It’s not that nothing happens. We do get the delightful introduction to something called Poppycock Palace, a children’s puppet show (or “North Korean propaganda,” one or the other) Nick starts watching. Inevitably, Nick and Cece (and eventually Winston) fall victim to the streaming service’s auto-play feature. It’s hard to say what Poppycock Palace is about, precisely — there’s Crispy Castle and Mount Tubby Tub, and there are puppets, and animated letters occasionally fly around the screen. If you have a high fever, Poppycock Palace is apparently great.
But really, everyone in the loft is just waiting for Sam and Genevieve to show up and stage a Feelings Farm with Jess. Turns out the only way to make Genevieve feel better about Jess’s employment is if Sam feels better, too. For that to happen, Sam demands an apology from Nick for kissing Jess while they were still dating.
A still-bearded Sam apologizes to Nick for punching him in the throat. A quilt-wrapped, sniffling Nick issues an unsatisfying non-apology for kissing Jess. Nick keeps taunting Sam and his beard; Sam keeps calling Nick “bro” (which a horrified Genevieve notes with horror is a “beach” word). Fully riled up, and with tensions now running higher than the parapets on Crispy Castle, Sam once again punches Nick in throat. So, yeah. Welcome to the mother-loving Feelings Farm, everybody.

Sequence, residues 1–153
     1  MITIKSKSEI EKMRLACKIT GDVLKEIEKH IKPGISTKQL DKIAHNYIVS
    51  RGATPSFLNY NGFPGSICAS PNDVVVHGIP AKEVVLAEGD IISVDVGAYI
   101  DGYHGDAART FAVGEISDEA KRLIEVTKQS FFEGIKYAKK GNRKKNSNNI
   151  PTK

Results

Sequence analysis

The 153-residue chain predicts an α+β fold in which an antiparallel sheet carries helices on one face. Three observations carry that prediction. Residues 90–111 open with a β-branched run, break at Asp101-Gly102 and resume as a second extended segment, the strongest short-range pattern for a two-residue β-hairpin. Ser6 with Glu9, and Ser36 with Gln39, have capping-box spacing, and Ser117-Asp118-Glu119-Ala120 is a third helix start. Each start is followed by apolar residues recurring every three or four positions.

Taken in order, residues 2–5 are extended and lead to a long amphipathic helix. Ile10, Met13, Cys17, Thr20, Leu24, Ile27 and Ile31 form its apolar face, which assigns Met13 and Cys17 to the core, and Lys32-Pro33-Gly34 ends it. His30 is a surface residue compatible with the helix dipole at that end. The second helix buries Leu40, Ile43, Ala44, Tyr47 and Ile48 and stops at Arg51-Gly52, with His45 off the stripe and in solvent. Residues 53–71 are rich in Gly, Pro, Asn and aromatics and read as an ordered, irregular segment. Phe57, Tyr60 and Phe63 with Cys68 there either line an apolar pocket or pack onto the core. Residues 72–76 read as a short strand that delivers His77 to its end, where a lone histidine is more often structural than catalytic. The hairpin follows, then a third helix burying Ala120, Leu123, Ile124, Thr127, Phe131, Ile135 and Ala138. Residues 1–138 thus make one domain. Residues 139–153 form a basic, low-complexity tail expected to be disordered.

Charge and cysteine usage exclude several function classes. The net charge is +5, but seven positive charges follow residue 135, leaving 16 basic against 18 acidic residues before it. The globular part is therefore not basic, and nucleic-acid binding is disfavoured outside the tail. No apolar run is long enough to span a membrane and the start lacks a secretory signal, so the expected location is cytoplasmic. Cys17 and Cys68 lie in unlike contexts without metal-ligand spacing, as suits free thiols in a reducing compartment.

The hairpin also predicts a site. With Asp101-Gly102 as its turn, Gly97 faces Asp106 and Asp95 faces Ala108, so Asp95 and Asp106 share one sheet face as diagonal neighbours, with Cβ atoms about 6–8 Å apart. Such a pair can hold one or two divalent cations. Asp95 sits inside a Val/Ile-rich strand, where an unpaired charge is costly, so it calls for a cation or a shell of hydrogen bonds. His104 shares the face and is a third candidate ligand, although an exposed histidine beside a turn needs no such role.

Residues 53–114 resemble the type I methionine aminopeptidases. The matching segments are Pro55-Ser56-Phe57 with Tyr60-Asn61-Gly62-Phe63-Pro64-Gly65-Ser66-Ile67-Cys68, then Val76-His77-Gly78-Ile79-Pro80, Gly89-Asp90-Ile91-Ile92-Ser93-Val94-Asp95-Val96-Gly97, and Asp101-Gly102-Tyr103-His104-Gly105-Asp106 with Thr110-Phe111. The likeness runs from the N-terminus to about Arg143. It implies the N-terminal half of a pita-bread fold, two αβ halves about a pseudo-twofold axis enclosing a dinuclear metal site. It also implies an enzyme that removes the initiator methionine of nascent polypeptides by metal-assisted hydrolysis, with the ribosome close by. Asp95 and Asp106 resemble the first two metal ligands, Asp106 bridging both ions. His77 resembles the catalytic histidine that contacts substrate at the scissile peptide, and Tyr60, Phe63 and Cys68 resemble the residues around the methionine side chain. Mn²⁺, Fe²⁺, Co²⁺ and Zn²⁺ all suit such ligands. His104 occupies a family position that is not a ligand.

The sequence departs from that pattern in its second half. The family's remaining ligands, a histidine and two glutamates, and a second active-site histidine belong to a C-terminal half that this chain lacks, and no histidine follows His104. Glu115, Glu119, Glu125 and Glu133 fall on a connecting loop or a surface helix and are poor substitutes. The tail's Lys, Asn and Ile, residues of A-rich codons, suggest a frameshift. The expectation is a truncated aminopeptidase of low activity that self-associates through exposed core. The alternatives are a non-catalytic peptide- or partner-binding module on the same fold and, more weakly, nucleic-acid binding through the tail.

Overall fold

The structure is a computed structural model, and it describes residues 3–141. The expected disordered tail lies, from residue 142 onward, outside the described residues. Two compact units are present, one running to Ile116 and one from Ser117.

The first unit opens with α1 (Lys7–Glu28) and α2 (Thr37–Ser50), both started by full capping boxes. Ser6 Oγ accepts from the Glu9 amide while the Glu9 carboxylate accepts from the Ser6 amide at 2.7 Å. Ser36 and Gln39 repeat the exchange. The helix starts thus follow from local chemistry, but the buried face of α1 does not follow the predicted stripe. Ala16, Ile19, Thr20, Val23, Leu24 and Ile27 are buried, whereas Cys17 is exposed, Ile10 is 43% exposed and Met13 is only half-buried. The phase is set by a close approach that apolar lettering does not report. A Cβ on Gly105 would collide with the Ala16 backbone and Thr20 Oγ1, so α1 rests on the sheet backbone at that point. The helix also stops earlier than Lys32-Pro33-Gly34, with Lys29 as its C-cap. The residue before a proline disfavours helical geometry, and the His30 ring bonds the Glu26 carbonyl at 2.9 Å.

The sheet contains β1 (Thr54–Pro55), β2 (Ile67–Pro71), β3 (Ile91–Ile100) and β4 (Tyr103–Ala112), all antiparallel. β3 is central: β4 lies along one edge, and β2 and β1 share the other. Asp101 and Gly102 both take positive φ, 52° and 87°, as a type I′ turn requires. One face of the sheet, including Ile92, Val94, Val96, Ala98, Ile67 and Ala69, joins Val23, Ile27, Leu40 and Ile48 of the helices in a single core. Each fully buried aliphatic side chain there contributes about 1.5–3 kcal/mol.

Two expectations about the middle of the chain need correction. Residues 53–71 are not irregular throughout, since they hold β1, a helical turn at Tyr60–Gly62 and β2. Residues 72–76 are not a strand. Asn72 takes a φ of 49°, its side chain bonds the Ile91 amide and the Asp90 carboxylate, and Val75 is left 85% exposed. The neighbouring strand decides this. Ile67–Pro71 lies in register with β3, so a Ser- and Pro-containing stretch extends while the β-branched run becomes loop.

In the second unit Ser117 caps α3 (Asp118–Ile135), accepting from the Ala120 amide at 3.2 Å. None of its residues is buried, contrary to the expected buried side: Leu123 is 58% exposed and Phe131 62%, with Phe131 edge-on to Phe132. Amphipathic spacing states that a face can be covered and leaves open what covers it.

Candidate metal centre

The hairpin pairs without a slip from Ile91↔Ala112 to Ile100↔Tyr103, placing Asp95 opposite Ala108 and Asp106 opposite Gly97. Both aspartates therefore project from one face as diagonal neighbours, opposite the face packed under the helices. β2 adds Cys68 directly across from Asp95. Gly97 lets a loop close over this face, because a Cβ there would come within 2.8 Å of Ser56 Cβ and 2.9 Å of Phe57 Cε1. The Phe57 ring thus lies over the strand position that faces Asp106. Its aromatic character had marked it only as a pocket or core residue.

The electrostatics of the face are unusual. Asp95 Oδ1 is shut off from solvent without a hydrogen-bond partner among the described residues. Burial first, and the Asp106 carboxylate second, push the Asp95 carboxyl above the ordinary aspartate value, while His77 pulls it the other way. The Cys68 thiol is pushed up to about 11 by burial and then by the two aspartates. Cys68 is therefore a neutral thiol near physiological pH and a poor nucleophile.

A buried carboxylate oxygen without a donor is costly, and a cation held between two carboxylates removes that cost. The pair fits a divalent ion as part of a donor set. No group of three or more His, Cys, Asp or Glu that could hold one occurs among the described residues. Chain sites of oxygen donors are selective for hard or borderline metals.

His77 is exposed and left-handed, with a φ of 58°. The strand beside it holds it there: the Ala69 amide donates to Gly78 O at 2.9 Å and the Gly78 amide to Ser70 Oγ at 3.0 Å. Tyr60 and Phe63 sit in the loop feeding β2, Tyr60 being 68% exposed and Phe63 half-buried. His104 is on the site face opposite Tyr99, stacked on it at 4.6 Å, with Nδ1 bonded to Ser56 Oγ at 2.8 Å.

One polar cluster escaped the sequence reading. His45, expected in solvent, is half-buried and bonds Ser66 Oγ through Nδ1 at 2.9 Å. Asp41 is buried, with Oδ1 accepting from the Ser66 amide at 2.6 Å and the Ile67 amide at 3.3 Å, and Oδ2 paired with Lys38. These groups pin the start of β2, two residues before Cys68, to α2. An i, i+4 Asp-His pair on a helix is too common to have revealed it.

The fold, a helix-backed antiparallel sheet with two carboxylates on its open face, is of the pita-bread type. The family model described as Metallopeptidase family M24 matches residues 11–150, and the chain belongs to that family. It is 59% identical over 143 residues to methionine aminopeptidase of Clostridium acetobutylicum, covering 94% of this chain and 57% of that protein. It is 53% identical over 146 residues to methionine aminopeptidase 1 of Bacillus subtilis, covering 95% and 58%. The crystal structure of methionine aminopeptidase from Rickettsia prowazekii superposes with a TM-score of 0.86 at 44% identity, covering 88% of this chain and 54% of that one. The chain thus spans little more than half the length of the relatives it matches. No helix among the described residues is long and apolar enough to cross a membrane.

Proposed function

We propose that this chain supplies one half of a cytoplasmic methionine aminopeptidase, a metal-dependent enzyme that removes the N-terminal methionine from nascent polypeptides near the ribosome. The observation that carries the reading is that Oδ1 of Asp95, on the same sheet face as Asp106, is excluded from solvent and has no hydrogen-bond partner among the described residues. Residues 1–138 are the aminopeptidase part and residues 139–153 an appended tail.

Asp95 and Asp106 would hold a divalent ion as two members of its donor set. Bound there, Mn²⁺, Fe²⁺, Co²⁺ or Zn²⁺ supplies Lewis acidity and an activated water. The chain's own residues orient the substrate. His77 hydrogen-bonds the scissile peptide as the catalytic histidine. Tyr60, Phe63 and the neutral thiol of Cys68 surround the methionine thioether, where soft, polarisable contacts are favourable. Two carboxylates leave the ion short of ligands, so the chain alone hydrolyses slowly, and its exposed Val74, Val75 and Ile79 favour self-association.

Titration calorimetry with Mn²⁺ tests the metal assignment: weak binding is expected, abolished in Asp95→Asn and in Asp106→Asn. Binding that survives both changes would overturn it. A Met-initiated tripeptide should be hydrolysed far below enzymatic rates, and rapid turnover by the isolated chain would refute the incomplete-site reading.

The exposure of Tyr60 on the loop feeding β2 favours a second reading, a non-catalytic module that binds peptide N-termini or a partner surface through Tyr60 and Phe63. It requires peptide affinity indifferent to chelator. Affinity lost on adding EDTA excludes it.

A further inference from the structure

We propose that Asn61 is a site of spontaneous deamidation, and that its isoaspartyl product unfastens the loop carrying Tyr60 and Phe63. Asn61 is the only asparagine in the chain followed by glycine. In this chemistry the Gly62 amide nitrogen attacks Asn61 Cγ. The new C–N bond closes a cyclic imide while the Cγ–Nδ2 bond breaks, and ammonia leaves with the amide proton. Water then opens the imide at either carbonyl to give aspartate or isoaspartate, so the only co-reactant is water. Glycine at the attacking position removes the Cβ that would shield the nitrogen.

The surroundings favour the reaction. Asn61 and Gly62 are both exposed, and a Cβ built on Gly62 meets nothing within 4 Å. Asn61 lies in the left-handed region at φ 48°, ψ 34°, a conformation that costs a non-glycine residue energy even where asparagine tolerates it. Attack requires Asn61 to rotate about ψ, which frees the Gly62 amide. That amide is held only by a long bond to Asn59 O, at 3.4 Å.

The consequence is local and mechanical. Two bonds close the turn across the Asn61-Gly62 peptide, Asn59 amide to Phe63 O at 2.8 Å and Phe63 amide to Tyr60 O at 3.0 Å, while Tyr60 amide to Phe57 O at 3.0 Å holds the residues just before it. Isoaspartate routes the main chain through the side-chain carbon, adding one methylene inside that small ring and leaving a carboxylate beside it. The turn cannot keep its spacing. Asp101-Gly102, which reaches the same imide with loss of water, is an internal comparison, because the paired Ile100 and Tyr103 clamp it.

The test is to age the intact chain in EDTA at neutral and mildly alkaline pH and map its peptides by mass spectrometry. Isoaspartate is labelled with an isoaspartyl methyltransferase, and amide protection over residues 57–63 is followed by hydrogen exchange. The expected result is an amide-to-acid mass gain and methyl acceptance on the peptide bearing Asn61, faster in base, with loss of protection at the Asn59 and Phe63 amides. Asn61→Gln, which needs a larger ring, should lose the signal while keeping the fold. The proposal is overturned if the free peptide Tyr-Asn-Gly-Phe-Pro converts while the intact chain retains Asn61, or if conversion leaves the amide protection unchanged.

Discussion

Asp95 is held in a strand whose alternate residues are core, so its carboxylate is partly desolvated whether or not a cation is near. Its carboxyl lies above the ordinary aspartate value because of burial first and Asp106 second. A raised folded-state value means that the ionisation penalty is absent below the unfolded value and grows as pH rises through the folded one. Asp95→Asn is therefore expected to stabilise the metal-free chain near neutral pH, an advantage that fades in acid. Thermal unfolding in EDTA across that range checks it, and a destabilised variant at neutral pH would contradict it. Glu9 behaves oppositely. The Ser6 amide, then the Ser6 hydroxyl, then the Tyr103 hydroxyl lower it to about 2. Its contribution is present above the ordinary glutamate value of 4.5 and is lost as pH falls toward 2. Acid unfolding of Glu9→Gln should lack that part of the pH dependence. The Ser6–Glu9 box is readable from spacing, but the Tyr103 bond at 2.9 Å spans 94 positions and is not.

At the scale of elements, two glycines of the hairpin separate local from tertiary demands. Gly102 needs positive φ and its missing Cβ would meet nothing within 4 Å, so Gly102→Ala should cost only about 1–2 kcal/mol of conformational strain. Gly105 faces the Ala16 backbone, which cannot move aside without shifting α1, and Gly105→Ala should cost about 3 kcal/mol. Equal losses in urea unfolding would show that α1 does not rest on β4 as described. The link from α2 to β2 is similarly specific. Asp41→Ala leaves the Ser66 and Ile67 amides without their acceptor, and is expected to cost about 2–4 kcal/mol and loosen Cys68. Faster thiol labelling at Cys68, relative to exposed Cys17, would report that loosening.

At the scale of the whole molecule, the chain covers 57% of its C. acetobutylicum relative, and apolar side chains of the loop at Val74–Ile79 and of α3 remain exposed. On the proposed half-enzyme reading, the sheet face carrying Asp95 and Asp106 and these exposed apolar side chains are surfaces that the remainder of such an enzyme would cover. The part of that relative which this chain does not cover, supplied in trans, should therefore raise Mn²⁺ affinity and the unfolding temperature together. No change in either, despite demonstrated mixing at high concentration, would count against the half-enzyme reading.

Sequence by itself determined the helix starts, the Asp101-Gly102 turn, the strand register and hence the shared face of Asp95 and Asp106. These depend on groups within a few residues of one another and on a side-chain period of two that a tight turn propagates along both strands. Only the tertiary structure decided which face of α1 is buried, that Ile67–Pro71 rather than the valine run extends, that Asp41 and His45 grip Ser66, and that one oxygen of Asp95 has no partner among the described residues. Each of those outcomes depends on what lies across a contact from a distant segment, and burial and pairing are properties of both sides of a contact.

The Honesty Chair quickly does its job. Nick admits that he’s not really sorry for kissing Jess. “We fell in love with each other. Like, crazy love. Lotta good memories, lotta passion.” Inspired by this bout of sincerity, Sam admits that he had a hard time letting anyone in until he dated Jess, and after she left, he fell apart. (More specifically, he “poured all his money into silkworms that froze to death.”) Sam really just wants to get back to his old self, which is going to require he wear shoes that weren’t recycled from other shoes. This stunning revelation is greeted with rapturous enthusiasm from Genevieve, who embraces him. “Sam, it’s great to meet you. I’m Genevieve. I’m also dumping you.”
After all that, Schmidt catches the cold and his boss sneers at his physical weakness. Winston goes on a very nice date. Jess, congenitally incapable of leaving well enough alone, shows back up at Sam’s house with an apologetic plate of brownies, which Sam crumbles in his fingers (and wow, that joke goes on too long).
And in the end, Jess gets to keep her job at Banyon Canyon — that’s what happens when you host the most successful Feelings Farm of all time. It’s nice that Jess has a job, but this is also the first moment when I’ve really, really wished that Reagan was still on the show. Watching Jess walk around the Academy of Banyon Canyon is like watching any teenage protagonist walk into the magical school they’re about to master — this is Jess finding her people. If we’re going to be stuck with Banyon Canyon for a while, I would much rather watch Reagan sneer at it.
Please watch out, New Girl. A little Feelings Farm goes a long way.